There are nearly 3,000 Gen Zers currently using Homi to meet alumni and find careers. According to Pew Research Center, these are people born after 1996.
The first batch of Gen Z talent is preparing to graduate college and enter the workforce. Here are 3 things your company needs to know about the most technically adept and forward thinking generation in history.
1. The most impactful moment of their lives was the Great Recession.
One of the most memorable days for Millennials was 9/11. Most Gen Zers were either not born yet or too young to remember the day. Instead, nearly all remember the September of 2008, when the world’s financial markets were thrown into turmoil. Jobs were lost, homes were foreclosed upon, and lives were completely upended in the largest financial downturn since the Great Depression. The Great Recession taught this generation to take care of itself financially, making financial security a primary employment concern.
2. They value the impact of their work.
Whether it be climate change, homelessness, or geopolitical turmoil, it seems as if the world is in a constant state of chaos. The crises, further perpetuated by social media, have created a feeling of “What’s going on with our world?” This new generation of talent values the impact of its work. Gen Zers want to push the needle on something that matters because, “If we don’t do it, who will?”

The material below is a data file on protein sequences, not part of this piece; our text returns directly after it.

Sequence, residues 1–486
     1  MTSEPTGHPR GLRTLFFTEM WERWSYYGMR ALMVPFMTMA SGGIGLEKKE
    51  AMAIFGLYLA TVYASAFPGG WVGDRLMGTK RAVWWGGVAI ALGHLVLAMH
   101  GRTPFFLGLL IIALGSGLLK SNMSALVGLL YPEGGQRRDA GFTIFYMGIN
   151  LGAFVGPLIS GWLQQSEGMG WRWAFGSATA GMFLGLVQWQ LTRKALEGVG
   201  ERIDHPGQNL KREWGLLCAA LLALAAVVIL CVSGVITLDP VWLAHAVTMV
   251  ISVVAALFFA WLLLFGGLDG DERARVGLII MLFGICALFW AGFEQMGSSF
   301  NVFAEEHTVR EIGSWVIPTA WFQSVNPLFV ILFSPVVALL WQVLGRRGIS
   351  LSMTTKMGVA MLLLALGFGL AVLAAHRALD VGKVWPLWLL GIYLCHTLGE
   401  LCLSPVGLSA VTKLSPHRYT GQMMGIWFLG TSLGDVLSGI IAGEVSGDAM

3. They want authenticity.
Having grown up on social media, Gen Zers are acutely aware of what’s real and what’s fake. They want authentic relationships, which can be built in ways other than going to forced mixers and trading business cards. What young people are really looking for is an environment where they feel welcomed and where they can learn. They want to be treated like people, not another blip on the HR radar.
To learn more about how Homi is working to connect companies with top level Gen Z talent, check out this StarTribune article.
If you want to lean in and support the next generation of innovators and creators, let’s have a conversation.
Originally published January 8, 2019